At 49, Marina Benjamin had a hysterectomy, a procedure that shot her immediately into menopause. The physical change — cessation of menstrual periods, plummeting levels of estrogen — coincided with a nearly immediate feeling of emotional rupture.
"I felt myself displaced," Benjamin writes, reflecting on an early post-surgical outing in her neighborhood. Still fragile from the operation, she's also acutely aware of her new status: "I felt somehow bifurcated, as if I existed both in time and out of it, and the part of me that felt insubstantial, ghostly, and yet eternal stood slightly apart from the rest, as though separated from the hue and cry by a delicate membrane. … Barely visible in the shadowy murk, to one side of events, and alone, I grasped all at once what it meant to be no longer young."
The author of two previous memoirs, in "The Middlepause" Benjamin deftly and brilliantly examines the losses and unexpected gains she experienced in menopause. She reached that milestone more suddenly, and surgically, than most women do — the process usually spreads out over many years — but the timing of her hysterectomy came close to the average age of menopause, 51.
Menopause is a mind and body shift as monumental and universal as puberty, yet far less often discussed, especially in public, which is what makes Benjamin's work here — "to stand up against the prevailing culture around middle age, which encourages us to disguise it, deny it, and disown it" — so urgently necessary.
The role of being a nonreproductive woman feels crushingly like a "demotion," Benjamin recognizes. Looked at from an evolutionary point of view, she points out, "[t]he no-longer fertile are surplus," unnecessary. And yet she suspects, even in that first menopausal walk down the street, potential advantages to this stage of life, noting "a dawning sense of relief at having been recategorized among the nonvisible; after all, so much of one's life as a woman hinges on being seen, with its attendant pressures of appearing attractive to others and constantly having to work at self-maintenance."
"I stand at the cusp of fifty," Benjamin states at the outset. "My body is the starting point for storytelling, for inducting younger women into the business of getting older." What follows is a series of chapters, titled after body parts (Skin, Heart, Spine) that can be read as essays on everything from the physical fallout of menopause — hot flashes, night sweats, insomnia, mood swings — to the way midlife nudges us to reexamine our emotional and psychological health. Along the way, she ponders the ill-fitting pop-culture guises of the menopausal woman — one can cultivate a midlife of "gardening, grandchildren, knitting, lots of sage nodding" or launch a full-scale attack against physical decrepitude, deploying hormones, skin creams, plastic surgery and a lot of yoga. No matter what, Benjamin quite logically points out, time will march on.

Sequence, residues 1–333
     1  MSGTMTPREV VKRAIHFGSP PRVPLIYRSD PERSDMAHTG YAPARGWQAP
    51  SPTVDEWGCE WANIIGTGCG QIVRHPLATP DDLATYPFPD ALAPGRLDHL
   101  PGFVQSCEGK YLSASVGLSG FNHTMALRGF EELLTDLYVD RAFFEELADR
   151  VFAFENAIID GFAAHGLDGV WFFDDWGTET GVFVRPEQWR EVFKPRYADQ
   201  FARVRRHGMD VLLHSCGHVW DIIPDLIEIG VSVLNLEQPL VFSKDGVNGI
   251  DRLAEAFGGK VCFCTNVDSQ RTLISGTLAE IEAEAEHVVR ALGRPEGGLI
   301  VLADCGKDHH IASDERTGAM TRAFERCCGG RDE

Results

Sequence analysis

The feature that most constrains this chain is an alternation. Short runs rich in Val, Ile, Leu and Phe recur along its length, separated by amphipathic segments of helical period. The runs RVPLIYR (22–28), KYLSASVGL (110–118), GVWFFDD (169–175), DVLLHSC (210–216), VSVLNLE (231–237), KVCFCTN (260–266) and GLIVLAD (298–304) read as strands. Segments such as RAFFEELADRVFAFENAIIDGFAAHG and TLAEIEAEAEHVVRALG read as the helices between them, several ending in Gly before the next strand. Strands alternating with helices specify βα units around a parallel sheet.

The inevitability of aging can be a shock. As we watch parents grow old and die, children grow up, career plans and personal goals suddenly reveal themselves to be unreached and unreachable, she writes, "the anxiety of mounting loss can feel tidal: it floods in and over you, then gnaws away at your sense of self, sucking out your life force." For this journey, "The Middlepause" suggests, it's good to have a few guides. Benjamin introduces us to hers — Carl Jung, for his example of letting go, burying the old selves that no longer serve us, and moving forward with less baggage; Erik Erikson for his idea of midlife as the generative stage, a time for giving back to the world, whether through "the production of art, the reproduction of children, the support offered to younger generations, a deeper engagement with society."
Even more than these sage psychologists, Benjamin finds inspiration in Colette, the French writer who, "upon turning fifty, stoutly declared that henceforth she would devote herself to gluttony, malice, greed, gossip, and the love affairs of others." It was a pledge Colette didn't entirely keep — she had several love affairs of her own post-50 (younger men were her guilty pleasure) — but still, in Colette's fiction Benjamin finds useful advice for those of us in the same boat. In "Break of Day," published when Colette was 54, she describes a life of myriad pleasures, some newly and boldly acquired ("an age comes when the only thing that is left for her is to enrich her own self"), others found in her memories. After quoting Colette on her affection for her own scars, Benjamin writes, "A middle-aged woman is very much like a battle-scarred soldier. She has done her duty as a woman, and if she has done it well, she will have borne many wounds, for that is the nature of womanhood (very few of us get medals)."
Tuttle is a board member of the National Book Critics Circle and a regular contributor to the Boston Globe.
By Marina Benjamin